Today's Opinions, Tomorrow's Reality 

Ready to Pop

By David G. Young

Washington, DC, August 23 2011 --  

Bonds say no inflation. Gold says hyperinflation. Let's call the whole thing a bubble.

Of all the investments added to my portfolio over the past decade, by far the best rate of return came from a small buy order shortly before my wedding in 2005. The quarter ounce gold band on my finger has more than quadrupled in metal value -- from $61 in January 2005 to $277 yesterday1,2. That's impressive -- except I won't be selling anytime soon.

Yesterday's record high of gold at over $1,900 ounce3 is just the latest in a decade old bull market. This rise is contrary to what has happened with many other investments. Stocks, with all their ups and downs, sell at a similar price as ten years ago. The same goes for real estate. Bonds, CDs, and other debt notes have been paying anemic returns in the Western world, compared with interest rates from earlier decades. Only a few commodities, led by gold, have given investors a tremendous run of appreciation.

If you believe what you read in countless blogs on the subject, gold is skyrocketing because of the impending end of the financial world. Hyperinflation is coming, because nations have debased their currencies. Fear of inflation has driven the price of gold from under $300 per ounce a decade ago to $1,900 yesterday.

This incredible price rise is not just a bubble -- it's as crazy as the theories in the gold blogs. In order to justify a six fold increase in the price of gold since 2001, an American investor fearing inflation must believe that the U.S. dollar will soon have one sixth the purchasing power that it did in 2001. This would be the same result as inflation at 25 percent per year for 5 years straight.

Is this really possible? While this column has long warned of inflationary dangers created by U.S. fiscal and monetary policy, such high and sustained rates of inflation are still unlikely. The 25 percent annual rate of inflation described above has never happened in any year since the Bureau of Labor Statistics created the Consumer Price Index in 1913. Even if it were to start happening, investors could then shift dollar assets into a safer alternatives before taking large losses. Only belief in a more sudden and dramatic drop in the value of the dollar -- like hyperinflation or a total financial collapse -- can justify current gold prices.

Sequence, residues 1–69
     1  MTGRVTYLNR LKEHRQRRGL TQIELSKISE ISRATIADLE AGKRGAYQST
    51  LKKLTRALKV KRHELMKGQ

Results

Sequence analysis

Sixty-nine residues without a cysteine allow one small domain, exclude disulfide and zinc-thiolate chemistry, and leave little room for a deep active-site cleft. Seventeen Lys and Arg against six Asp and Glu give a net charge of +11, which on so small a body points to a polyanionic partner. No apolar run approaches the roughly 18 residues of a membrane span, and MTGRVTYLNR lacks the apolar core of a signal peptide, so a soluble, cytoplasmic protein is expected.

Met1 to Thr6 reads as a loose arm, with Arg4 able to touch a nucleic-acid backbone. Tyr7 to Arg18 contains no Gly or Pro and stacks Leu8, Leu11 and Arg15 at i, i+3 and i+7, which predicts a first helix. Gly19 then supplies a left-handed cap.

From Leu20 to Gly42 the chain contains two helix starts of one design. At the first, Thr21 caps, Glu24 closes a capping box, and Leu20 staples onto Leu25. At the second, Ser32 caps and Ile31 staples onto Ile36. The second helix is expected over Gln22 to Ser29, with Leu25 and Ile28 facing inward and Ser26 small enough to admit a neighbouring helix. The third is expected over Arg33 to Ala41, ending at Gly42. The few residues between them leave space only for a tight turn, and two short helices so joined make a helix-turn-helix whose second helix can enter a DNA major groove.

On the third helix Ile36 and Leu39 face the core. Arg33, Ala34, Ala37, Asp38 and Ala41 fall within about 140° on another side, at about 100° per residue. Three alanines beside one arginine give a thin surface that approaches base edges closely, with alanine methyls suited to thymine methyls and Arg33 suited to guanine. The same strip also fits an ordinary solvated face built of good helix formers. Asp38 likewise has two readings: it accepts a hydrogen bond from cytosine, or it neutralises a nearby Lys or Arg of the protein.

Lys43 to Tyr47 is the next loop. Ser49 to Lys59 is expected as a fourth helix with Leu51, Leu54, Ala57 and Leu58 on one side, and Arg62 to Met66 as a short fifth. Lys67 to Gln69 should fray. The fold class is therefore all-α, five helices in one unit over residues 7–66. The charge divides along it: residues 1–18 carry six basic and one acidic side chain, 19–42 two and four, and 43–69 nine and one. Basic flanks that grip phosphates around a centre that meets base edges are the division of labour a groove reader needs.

Yet if the markets believe a financial collapse is so imminent, then why is the interest rate it demands for government bonds so low? Despite the S&P downgrade of U.S. debt, 30-year Treasuries are earning less than 3.5 percent interest.4 Just to avoid losing money, investors in these bonds must believe that inflation will average under 3.5 percent each year for the next 30 years.

Why the huge market disparity between bonds and gold? The simplest explanation is that investors have diverged into two very different camps -- those who have total faith in paper money and those who have none. One of these groups -- either the bond fanatics or the gold fanatics -- must be spectacularly wrong here, and that group is going to lose a spectacularly large amount of money.

While both investment vehicles seem pretty large on the surface -- $10 trillion in gold exists at current prices5,6, and $14.6 trillion in U.S. Treasury bonds7, the reality is that the gold investment market it much smaller. Much gold is held in the form of jewelry and by central banks mandated to retain it despite market conditions. The world's biggest grouping of gold funds, Exchange Traded Gold, claims a mere $94 billion in assets.8

Given the smaller amount of money that gold investors have been willing to put at stake, it is likely that they are influenced disproportionately by less sophisticated investors operating at a smaller scale. Thanks to the internet, any crackpot can have access to ample information to fuel his pet theory. The gold investors are more likely to be more wrong.

But that doesn't mean there won't be plenty of wrongness to go around. As usual, the truth probably lies somewhere in the middle between the bond market's no inflation prediction and the hyperinflation predicted by the gold market. Back in 1980, inflation in the United States topped out at 13 percent, and continued in the high single digits for several adjacent years.9 Such a prospect is hardly out of the question.

Back in the inflationary months of 1980, gold was also trading at the highest price in history -- a price that once adjusted for inflation is still higher than today. Just as investors now are overpaying for gold, so were investors in 1980. 25 percent annual inflation didn't come in 1981, and it isn't likely to come in 2012. Today as in 1980, the gold bubble is looking ready to pop.


1. National Mining Association, Historical Gold Prices 1833 to Present, August 2011 ($420 per share in January 2005.)

2. Author's Calculation: 14K = 58.3% x 0.25 ounces = 0.14583 pure gold. @$420/oz = $61@1900/oz=$277

3. Wall Street Journal, Gold Tops $1,900, Then Pulls Back, August 23, 2011

4. Treasury Department, Daily Treasury Curve Yield Rates, August 23, 2011

5. World Gold Council, About Gold, August 2011 (165,000 metric tons)

6. Author's Calculation: 165,000 metric tons x 32,150 troy ounces / metric ton x $1900 /ounce = $10 trillion

7. Treasury Department, Debt to the Penny and Who Holds It, August 23, 2011 $14.6 trillion

8. Exchange Traded Gold, Summary of All Assets, August 23, 2011

9. Bureau of Labor Statistics, Inflation CPI Calculator, August 2011